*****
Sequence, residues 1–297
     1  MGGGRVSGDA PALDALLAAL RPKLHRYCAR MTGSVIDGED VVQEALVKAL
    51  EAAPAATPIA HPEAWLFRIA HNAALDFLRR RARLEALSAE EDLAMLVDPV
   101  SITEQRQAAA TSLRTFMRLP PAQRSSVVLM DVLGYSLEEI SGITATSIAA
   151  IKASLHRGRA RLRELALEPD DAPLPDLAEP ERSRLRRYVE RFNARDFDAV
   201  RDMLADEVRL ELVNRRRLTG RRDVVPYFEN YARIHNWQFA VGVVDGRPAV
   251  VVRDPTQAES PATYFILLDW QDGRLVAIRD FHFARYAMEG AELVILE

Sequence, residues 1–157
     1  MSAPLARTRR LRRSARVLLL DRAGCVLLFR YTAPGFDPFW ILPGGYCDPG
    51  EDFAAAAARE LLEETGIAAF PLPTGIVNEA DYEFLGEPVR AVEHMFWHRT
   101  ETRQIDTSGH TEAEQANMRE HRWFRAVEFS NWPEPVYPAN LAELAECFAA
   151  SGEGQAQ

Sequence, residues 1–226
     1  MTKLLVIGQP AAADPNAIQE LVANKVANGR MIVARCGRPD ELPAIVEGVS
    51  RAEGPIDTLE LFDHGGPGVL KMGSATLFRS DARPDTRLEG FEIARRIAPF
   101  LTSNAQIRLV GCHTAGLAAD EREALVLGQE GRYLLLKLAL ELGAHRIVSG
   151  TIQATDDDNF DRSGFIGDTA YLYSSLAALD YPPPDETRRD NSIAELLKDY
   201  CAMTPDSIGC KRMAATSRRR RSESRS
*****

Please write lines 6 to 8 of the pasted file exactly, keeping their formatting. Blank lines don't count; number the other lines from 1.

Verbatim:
   201  RDMLADEVRL ELVNRRRLTG RRDVVPYFEN YARIHNWQFA VGVVDGRPAV
   251  VVRDPTQAES PATYFILLDW QDGRLVAIRD FHFARYAMEG AELVILE

Sequence, residues 1–157